Lawmakers Propose $50 Million Federal Program to Support Rural Patients


If passed, a new bill could increase telehealth and remote patient monitoring in places with limited broadband access.

Bipartisan legislation recently introduced in both chambers aims to form a government-led initiative to extend the use of remote patient monitoring technology—or RPM—in rural areas.

Broadly, RPM combines digital tools and medical devices to capture and share data in real-time about patients’ health conditions with providers in other locations. 

Reps. Dan Newhouse, R-Wash., and Tom O'Halleran, D-Ariz., put forth the Rural Remote Monitoring Patient Act on Thursday, and Sen. John Kennedy, R-La., also introduced companion legislation. If passed, the bill would establish a virtual health pilot program within the Health and Human Services Department’s Health Resources and Services Administration. 

“Rural Louisianians often have to rely on technology to manage their health remotely,” Kennedy said. “Our bill would improve access to this technology and help health care providers better serve their patients.”

The COVID-19 pandemic exposed gaps in healthcare access across the United States, and at the same time, accelerated telehealth and RPM deployments driving medical services far beyond the walls of existing medical facilities. RPM collects data from patients based in one place via devices like blood pressure cuffs, scales, implantables, and biosensors. Simultaneously, that information is electronically transmitted to physicians elsewhere.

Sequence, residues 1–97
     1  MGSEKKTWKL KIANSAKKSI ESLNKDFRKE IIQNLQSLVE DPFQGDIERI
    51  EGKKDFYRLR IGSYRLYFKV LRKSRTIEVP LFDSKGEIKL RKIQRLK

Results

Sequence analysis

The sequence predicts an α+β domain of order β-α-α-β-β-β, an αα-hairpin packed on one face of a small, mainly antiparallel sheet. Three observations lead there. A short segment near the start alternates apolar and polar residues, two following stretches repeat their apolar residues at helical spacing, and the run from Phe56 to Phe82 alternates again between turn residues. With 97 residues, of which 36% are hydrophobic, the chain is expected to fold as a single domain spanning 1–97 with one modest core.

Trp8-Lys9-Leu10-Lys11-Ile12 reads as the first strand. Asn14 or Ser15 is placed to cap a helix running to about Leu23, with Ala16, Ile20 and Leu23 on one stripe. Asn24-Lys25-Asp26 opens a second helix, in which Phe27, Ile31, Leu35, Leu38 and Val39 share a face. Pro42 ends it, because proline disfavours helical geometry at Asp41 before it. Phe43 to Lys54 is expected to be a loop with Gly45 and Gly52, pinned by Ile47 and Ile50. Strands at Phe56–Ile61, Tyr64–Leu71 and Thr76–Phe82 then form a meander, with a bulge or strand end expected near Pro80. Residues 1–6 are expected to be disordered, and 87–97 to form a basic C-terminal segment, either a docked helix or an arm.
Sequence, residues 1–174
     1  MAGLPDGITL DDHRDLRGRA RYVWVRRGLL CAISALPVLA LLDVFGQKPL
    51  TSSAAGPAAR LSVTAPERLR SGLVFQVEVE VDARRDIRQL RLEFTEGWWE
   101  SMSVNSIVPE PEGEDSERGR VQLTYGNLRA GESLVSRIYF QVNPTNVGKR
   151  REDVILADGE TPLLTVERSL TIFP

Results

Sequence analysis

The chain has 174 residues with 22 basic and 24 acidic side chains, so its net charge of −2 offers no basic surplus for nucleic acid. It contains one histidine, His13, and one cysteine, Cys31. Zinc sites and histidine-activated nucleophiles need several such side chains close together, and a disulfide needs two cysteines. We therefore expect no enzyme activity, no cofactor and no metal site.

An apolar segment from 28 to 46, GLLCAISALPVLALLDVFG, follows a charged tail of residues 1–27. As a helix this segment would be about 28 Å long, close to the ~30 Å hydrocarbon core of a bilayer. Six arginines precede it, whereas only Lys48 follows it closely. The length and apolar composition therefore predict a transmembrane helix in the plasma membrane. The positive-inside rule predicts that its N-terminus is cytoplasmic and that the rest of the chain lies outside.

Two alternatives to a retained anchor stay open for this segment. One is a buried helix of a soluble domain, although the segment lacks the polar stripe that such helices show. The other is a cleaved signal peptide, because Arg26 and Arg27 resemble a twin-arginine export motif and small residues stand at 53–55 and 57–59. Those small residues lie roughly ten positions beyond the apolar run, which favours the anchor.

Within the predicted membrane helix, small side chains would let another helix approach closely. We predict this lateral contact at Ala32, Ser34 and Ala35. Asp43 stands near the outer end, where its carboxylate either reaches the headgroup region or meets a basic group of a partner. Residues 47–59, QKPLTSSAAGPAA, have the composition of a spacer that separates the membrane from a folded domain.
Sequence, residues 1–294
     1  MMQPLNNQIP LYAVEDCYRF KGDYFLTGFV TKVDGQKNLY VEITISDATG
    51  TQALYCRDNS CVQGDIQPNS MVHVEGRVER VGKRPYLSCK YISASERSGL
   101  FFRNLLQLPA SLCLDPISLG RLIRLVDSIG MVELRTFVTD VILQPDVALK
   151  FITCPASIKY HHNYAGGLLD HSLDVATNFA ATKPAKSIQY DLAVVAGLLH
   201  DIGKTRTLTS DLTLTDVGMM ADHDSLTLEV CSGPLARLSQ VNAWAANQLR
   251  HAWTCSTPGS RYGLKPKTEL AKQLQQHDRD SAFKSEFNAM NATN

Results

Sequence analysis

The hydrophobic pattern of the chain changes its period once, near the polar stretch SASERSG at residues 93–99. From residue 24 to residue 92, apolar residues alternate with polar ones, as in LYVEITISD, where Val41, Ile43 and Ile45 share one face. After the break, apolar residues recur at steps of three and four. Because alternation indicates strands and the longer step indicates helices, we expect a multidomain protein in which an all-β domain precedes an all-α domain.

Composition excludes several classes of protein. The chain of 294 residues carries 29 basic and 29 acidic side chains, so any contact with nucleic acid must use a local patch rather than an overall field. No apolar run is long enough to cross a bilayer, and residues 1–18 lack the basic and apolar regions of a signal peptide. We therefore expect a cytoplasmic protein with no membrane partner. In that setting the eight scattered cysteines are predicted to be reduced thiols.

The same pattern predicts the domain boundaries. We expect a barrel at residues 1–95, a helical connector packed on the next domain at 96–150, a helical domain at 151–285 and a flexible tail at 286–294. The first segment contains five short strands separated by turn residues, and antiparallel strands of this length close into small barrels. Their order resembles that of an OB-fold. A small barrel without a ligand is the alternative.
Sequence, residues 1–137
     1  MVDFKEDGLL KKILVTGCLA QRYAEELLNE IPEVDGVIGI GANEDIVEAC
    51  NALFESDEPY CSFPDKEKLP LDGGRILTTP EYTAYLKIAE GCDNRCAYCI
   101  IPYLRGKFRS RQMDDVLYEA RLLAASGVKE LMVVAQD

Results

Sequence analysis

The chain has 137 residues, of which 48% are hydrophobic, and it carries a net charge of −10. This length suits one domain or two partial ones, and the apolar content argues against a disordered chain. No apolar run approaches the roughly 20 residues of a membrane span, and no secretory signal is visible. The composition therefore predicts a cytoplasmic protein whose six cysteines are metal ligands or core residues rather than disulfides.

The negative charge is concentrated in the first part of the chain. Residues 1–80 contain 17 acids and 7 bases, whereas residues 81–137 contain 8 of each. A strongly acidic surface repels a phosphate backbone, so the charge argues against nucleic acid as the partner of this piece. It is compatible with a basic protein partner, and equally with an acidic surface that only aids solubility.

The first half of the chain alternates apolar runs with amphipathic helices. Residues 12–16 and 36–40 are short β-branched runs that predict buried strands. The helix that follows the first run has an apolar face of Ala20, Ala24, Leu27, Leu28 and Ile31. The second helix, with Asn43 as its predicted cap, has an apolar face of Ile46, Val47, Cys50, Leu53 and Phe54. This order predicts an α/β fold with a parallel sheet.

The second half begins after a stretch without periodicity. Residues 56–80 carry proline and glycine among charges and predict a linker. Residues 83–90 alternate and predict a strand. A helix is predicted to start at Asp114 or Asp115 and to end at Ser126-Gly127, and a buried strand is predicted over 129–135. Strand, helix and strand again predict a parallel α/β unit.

In their 10-page legislation, lawmakers propose creating a federal grant program to fund efforts to introduce or improve RPM and expand telehealth in rural communities. Certain entities would be able to apply for money to buy hardware, software and other resources necessary for such efforts, better enable equipment upkeep and the transmission of medical data—and more.

To qualify, grantees would have to be based in rural points and turn to Food and Drug Administration-cleared technology. According to the bill, the tech would also need to be “operable using cellular standards, including 2G and 3G, that offer broad network coverage in rural areas without broadband access.”

Congress would authorize up to $50 million to be appropriated for the HRSA-steered program.

The legislation was referred to the House Energy and Commerce and Senate Health, Education, Labor, and Pensions Committees.

Several healthcare providers expressed their support.